You’re in the right hands if you want to grow pumpkins in Florida. While growing pumpkins can be tricky in Florida’s hot and humid climate, you can successfully grow Sunshine State pumpkins with the proper planning and care. Pumpkin is a popular vegetable in the cucurbit family. It shares this family with members of summer and winter squash. The pumpkin varieties differ from those called squashes by having coarser, more intensely flavored flesh and rinds that are softer at maturity than the winter squashes but harder than the summer squashes. Pumpkins refers to certain varieties of C. pepo L., C. moschata Duch. ex Poir., C. mixta Pang., and C. maxima Duch. Local tradition and common usage may dictate that a particular variety is called a squash in one area of the country and a pumpkin in another.
Pumpkin Varieties Choosing the right pumpkin variety is a major decision when growing pumpkins in Florida. Not all pumpkin varieties are suited to Florida’s warm and humid climate. Seminole Pumpkin is a native pumpkin variety well-suited to the state’s warm and humid environment. Traditionally grown by the Calusa, Creek, and Miccosukee peoples, Seminole pumpkins remain one of the tastiest and most reliable for Florida gardens. Seminole pumpkins are known for their hardiness and resistance to disease and pests. The Big Max variety is known for producing giant pumpkins that can weigh up to 100 pounds or more. Big Max pumpkins do well in Florida’s warm climate but may require extra care to prevent pests and diseases. The Jack-o-Lantern variety is the classic Halloween pumpkin for carving and decorating. Look for types suited to warm climates, such as “Funny Face” and “Big Moon.” The Pie Pumpkin variety is best used for cooking. If you plan to use your pumpkins for cooking, look for pie pumpkin varieties such as “Small Sugar” and “Early July.” These pumpkins are smaller and sweeter than carving pumpkins and are ideal for making pies, bread, and other baked goods.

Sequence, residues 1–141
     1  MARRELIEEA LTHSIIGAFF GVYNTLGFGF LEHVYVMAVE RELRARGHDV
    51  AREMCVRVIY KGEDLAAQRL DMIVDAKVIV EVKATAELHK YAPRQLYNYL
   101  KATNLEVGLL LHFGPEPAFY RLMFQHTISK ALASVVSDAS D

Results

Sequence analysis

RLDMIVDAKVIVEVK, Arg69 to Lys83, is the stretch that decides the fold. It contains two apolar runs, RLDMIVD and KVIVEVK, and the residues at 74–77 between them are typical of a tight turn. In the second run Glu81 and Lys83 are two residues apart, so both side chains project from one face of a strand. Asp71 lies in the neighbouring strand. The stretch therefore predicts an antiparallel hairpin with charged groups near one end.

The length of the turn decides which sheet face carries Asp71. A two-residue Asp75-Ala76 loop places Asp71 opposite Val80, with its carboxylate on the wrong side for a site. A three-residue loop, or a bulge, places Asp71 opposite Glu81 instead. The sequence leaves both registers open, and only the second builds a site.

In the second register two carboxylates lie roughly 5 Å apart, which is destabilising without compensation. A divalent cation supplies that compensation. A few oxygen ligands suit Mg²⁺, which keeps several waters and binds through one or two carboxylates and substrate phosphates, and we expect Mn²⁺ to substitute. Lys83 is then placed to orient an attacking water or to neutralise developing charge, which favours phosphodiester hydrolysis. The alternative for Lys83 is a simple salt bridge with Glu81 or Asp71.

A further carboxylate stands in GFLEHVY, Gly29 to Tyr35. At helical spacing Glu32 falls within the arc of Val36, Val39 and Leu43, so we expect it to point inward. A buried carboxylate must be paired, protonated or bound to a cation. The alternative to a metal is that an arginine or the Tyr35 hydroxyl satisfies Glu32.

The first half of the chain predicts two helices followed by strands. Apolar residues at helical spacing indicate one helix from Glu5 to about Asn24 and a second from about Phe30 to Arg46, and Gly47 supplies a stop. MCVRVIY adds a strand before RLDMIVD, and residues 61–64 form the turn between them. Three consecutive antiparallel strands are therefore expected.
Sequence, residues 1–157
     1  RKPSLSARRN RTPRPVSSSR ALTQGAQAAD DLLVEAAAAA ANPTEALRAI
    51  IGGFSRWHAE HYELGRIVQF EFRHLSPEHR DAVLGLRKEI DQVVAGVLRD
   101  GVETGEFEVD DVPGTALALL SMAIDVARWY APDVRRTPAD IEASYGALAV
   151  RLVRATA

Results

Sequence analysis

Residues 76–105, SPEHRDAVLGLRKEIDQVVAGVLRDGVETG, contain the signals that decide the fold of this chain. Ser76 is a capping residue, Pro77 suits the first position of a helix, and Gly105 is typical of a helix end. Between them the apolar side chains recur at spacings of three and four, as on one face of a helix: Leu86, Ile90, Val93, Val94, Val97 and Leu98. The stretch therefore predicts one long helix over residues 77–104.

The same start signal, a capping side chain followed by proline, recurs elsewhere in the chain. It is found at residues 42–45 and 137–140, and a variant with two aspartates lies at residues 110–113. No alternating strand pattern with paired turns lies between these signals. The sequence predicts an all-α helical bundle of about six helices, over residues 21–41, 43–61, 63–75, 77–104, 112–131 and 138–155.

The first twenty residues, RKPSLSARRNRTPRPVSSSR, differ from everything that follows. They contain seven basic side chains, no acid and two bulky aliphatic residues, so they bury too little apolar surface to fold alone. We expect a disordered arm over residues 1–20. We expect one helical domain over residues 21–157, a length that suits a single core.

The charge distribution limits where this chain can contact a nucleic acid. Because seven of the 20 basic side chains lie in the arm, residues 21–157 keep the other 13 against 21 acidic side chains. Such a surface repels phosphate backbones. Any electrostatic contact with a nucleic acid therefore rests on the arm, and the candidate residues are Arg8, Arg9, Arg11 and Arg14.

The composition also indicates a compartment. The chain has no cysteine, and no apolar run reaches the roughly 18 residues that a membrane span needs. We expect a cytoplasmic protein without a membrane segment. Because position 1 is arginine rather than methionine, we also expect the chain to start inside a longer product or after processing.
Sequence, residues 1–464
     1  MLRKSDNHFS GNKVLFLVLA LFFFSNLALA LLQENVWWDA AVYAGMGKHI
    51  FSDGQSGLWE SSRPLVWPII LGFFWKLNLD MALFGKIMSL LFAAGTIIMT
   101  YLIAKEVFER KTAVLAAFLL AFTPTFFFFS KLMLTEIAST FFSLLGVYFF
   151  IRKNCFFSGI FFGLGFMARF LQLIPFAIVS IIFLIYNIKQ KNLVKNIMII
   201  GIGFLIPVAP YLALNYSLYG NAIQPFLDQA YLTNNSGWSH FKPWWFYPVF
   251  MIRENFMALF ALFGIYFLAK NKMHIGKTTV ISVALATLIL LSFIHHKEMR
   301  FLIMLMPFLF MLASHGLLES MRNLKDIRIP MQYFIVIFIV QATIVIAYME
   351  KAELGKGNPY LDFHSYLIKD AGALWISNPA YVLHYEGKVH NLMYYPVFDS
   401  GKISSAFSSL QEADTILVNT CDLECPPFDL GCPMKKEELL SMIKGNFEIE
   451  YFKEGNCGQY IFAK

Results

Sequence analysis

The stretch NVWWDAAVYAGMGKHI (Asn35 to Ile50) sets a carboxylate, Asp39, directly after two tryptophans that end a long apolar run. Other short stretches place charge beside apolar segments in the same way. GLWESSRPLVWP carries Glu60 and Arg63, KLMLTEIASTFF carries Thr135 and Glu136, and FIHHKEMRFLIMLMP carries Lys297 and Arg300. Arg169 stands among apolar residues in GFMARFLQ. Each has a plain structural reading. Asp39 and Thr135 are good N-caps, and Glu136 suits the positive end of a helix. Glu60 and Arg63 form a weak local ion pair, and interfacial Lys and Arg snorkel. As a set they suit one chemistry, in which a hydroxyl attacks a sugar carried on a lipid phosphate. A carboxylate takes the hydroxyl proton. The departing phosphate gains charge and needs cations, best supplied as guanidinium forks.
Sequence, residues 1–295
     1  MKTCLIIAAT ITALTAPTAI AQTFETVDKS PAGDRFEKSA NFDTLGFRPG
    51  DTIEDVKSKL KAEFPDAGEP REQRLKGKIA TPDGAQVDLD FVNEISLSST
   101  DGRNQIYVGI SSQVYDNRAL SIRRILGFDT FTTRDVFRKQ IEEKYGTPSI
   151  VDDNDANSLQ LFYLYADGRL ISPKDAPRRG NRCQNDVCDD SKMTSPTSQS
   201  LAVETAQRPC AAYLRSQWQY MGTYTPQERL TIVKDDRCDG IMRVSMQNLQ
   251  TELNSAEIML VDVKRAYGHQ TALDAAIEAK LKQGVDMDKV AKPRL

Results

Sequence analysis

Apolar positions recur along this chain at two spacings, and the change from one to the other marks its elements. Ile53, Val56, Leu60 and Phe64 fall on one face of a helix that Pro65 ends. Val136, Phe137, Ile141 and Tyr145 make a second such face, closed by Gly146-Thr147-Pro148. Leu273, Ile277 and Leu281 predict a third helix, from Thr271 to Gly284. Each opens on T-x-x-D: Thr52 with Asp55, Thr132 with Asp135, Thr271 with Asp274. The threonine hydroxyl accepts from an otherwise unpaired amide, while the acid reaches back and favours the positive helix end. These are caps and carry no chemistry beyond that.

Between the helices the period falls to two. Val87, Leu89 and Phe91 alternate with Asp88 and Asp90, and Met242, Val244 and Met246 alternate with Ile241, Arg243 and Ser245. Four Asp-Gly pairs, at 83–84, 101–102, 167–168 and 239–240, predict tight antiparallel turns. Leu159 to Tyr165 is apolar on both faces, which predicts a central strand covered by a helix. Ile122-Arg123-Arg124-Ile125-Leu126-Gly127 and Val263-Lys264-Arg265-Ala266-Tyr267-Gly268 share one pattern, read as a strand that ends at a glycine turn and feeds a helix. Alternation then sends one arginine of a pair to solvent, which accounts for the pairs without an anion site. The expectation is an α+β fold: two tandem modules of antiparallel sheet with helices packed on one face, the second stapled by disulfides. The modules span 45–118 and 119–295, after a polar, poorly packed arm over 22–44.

Most pumpkin varieties need around four months to reach maturity. Pumpkins should be seeded by early July to be ready for Halloween. Spring pumpkins planted in March or April can be stored for use in October and November (though long storage is difficult in Florida). Early August seeding provides a fall crop for late November. Choose a sunny spot with well-drained soil for your pumpkin patch. Pumpkins can be grown in small gardens or containers if you need more space. Plant your pumpkin seeds about 1 inch deep and should be placed 6 feet in either direction, except for the bush types. Plant 3-4 seeds per hill, then thin when the plants are 2-4 inches tall.
Once your pumpkin seeds have sprouted, it’s time to start caring for your plants. Pumpkins need consistent moisture to grow, so be sure to water them regularly. Aim to give your plants about 1-2 inches of water per week. Water thoroughly after planting to help the seeds settle in. Climbing varieties like Seminole can be trellised for more space while using slings to support larger fruits. Use a balanced fertilizer to help your pumpkins grow strong and healthy. Apply the fertilizer according to the package instructions. Pumpkins do well with large amounts of compost. Place compost under each hill before seeding. Side dress with a handful every three weeks or as needed. Keep an eye out for pests such as squash bugs and cucumber beetles, which can damage your plants. If you notice any signs of pests or disease, treat your plants with a pesticide or fungicide as needed.
Like other cucurbits, pumpkins need bees for pollination to produce fruit. Bees are the primary pollinators for pumpkins, so make sure to plant flowers and other plants that attract bees to your garden. Each plant holds male and female flowers, and knowing the difference between them is essential. Male flowers have a long, thin stem and no fruit behind the flower. Female flowers have a swollen, bulbous base that will eventually become pumpkins. It’s essential to have a good balance of male and female flowers to ensure a proper fruit set. If large-size fruits are desired, keep only two fruits on the vine. Once two fruits are the size of baseballs, remove all others as they form.